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Showing posts from August, 2007

Book: Why Churches Die

I recently read Why Churches Die by Mac Brunson & Ergun Caner.
It’s a very easy to read book for the layperson – in fact, I read it thru in one day. The authors are pastors and write from their own experience about types of problems in the spiritual and social dynamics that kill or hinder churches spiritually. Each chapter presents a common problem with real life examples, and then attempt to connect it to a biblical example. Sometimes the discussions of biblical examples could be more succinct and to the point, and at times, they are forced, e.g., the example of Demas deserting the apostle Paul – forced, since very little is known about Demas, so applying it to specific church problems is forced.

Otherwise, they do a good job descriptively of pointing out some common problems, and that’s the strength of the book. Some of the common problems described include legalism, bitterness and unforgiveness, the spiritually dry and coasting syndrome, spiritual atrophy, gossiping, spiritua…

Faith is...

Faith is not like the simplistic illustrations we sometimes hear in sermons. It is not like sitting in a chair ("it's like sitting in a chair" some say, "you can believe it will hold you, but nothing happens till you sit down in it"). It is not like getting on an airplane ("faith is like flying - you may believe the jet can safely transport you, but nothing happens till you board the plane"). Those are cheesy illustrations that I used to hear a lot. Give me a break. Since when does sitting in a chair transform your life? Parking your rear in a chair is not a life-changing experience! Such illustrations cheapen faith. Thank God my church doesn't use such cheap illustrations.

In an apologetics discussion in a Bible study at an evangelical church years ago, I even heard faith being equated to intellectual belief, to mere acceptance of propositional claims of a religious nature, no different than accepting other intellectual facts. Such claims cheapen …

Mystical & charismatic Christianity

As a person with charismatic leanings, I have come to prefer Catholic / Anglican / Episcopal forms of charismatic Christianity. As mentioned in my last post, charismatic Catholicism goes way back to the early church, under the rubric of Christian mysticism. The reason I prefer these forms is because they are more balanced. Protestant charismatics and Pentecostals greatly overemphasize things like speaking in tongues, which are really a minor gift. Tongues have been practiced throughout church history, and there is no historical or scriptural basis for the claim that tongues and other charismatic gifts ever ceased*. But they have never been considered "a big deal" or in any way a sign that a person is more spiritual than another who doesn't do tongues or such gifts. Only with the advent of modern charismatic movements did such an extreme emphasis get put on tongues and charismatic gifts. St. Paul commanded us to desire the better gifts - in that context, he was referring …

Mysticism and charismatic Christianity

As I've read about church history in the past year, I've come to learn about mystical traditions that have been an essential part of the history of Christian practice. What we call mysticism refers first of all to proper, biblical forms of mysticism, which generally correspond to charismatic Catholicism (and related movements in other churches) in more modern terminology. It may also refer to some types of theology and practice that can be aberrant, speculative, and heterodox, which tends to give mysticism a bad name. But 'mysticism' should be understood primarily according to "mainstream mysticism".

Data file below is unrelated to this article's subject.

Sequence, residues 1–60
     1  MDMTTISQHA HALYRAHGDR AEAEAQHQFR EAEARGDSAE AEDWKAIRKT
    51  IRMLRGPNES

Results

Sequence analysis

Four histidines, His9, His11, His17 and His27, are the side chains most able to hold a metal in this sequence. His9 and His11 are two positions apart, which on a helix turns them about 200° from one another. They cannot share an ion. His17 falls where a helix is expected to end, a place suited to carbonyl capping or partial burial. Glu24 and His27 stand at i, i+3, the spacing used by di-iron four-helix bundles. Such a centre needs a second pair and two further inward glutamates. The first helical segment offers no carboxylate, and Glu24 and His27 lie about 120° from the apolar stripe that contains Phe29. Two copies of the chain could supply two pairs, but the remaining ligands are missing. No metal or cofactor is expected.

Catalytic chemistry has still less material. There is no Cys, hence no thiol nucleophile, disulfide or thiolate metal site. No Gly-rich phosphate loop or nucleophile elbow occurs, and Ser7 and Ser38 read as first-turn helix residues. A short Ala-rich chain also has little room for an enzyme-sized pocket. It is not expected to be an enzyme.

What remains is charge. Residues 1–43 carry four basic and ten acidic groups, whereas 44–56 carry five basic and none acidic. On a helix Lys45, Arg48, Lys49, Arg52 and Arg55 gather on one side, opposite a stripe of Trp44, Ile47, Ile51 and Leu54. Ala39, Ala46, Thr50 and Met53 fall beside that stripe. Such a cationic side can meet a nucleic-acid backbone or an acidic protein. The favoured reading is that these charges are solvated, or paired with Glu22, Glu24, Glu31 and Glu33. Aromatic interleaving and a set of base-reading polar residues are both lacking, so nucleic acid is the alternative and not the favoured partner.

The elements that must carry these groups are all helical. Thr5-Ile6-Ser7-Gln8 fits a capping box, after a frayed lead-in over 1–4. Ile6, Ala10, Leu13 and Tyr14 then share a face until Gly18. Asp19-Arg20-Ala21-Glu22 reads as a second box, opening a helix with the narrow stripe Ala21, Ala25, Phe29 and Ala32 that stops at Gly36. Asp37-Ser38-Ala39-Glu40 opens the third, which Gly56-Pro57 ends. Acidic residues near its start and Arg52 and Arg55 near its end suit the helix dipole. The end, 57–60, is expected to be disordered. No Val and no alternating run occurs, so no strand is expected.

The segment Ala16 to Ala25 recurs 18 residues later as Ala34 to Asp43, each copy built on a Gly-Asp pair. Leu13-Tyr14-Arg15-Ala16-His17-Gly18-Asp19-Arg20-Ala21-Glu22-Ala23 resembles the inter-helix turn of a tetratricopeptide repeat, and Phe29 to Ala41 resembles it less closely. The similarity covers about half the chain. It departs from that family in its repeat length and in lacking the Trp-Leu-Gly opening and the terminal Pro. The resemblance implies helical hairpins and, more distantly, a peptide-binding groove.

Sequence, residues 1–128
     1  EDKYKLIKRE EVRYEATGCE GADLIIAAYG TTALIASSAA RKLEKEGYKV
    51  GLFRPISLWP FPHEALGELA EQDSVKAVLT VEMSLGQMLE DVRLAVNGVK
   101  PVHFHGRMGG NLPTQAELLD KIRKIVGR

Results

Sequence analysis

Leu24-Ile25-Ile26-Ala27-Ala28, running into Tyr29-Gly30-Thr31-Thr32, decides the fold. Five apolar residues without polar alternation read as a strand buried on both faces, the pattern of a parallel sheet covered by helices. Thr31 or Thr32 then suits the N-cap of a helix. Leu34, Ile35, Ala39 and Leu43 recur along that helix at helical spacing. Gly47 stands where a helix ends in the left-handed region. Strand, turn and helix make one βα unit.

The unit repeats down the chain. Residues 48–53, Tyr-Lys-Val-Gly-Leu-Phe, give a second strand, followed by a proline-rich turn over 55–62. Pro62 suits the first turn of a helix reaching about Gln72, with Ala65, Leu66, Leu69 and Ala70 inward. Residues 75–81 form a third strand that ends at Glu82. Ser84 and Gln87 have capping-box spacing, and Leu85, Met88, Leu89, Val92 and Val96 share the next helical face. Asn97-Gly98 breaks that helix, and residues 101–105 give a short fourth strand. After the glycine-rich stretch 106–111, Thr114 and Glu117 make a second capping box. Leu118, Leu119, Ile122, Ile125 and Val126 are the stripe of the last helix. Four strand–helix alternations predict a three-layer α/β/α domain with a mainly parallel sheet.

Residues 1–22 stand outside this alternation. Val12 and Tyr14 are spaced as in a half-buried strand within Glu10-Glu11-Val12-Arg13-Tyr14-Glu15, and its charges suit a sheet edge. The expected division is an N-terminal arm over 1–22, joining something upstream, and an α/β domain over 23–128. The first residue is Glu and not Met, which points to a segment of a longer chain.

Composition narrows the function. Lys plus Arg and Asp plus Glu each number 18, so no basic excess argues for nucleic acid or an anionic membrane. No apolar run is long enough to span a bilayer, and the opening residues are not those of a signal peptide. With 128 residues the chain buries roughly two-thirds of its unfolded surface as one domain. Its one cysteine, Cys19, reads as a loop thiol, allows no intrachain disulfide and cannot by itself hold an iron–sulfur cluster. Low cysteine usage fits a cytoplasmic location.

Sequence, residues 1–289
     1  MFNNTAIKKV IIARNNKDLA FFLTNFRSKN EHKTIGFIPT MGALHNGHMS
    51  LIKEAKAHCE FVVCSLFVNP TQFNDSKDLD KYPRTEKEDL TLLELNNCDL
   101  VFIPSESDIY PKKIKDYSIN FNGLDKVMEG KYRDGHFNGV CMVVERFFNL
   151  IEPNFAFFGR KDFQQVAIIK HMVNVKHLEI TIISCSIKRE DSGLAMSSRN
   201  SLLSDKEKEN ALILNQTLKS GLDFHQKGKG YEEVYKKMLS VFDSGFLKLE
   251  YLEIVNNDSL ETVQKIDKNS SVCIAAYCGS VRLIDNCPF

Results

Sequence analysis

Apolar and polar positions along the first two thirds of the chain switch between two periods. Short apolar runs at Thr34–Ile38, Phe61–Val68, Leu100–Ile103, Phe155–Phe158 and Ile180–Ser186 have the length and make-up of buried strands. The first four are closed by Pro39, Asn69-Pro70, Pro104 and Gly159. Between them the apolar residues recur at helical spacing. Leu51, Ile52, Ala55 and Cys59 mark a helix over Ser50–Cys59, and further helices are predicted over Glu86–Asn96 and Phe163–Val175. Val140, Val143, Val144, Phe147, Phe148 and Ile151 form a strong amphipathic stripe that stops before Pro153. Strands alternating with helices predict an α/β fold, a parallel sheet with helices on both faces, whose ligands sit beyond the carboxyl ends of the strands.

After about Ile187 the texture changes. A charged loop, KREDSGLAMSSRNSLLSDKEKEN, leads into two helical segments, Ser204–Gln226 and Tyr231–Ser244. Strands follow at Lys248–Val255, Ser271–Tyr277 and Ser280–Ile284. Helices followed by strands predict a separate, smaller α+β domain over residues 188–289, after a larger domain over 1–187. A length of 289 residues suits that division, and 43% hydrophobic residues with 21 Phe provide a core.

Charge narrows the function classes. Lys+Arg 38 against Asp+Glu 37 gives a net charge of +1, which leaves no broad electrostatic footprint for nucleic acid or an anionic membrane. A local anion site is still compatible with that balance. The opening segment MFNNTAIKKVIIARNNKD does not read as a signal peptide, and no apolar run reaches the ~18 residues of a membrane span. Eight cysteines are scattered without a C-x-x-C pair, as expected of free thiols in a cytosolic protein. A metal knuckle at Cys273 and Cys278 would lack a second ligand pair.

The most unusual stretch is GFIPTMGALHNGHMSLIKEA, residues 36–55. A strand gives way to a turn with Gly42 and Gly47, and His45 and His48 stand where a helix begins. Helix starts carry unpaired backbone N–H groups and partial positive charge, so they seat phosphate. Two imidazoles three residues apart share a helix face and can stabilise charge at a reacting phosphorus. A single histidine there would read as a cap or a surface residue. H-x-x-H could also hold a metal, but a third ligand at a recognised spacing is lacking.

Mysticism is essentially a lifestyle and theology of direct, personal experience with God, and thus, is emotional, passionate, and engages the person intellectually, spiritually, and emotionally. It is grounded on a biblical understanding of the fear of God and the love of God, and thus, mystics approach God as a Being to be held in great awe and respect, yet one …

Responses to very liberal theology

I hope to post some thoughts on liberal theologians I've read lately. For lack of time, I'll post some links about Bishop Spong's rather liberal pop theology. First is a well written response to his theses from Archbishop of Canterbury, Rowan Williams; second, a review of one of his earlier books from Probe Ministries (I don't necessarily vouch for PM, as they are sometimes too fundy, but this review is decent).

Book review: Green Eggs and Ham (Dr. Seuss)

Green eggs and ham, as a recolorized staple breakfast food, captures the reader's attention by turning this diurnal sustenance into an unexpected and apparently unappetizing foodstuff. It thus symbolizes the existential angst of modern life, wherein we are unfulfilled by modern life, and are repelled by something that might impart nourishment. The "protagonist" to be convinced of its desirability remains anonymous, while the other actor refers to himself with an emphatic identifier "Sam I am", formed with a pronominal subject and copular verb of existence. This character thus seeks to emphasize his existence and existential wholeness, and even establish a sense of self-existence, with an apparent Old Testament allusion to Elohim speaking to Moses as the "I Am". This emphatic personal identifier thus introduces a prominent theme of religious existentialism to the narrative, probably more in line with original Kierkegaardian religious existentialism, ra…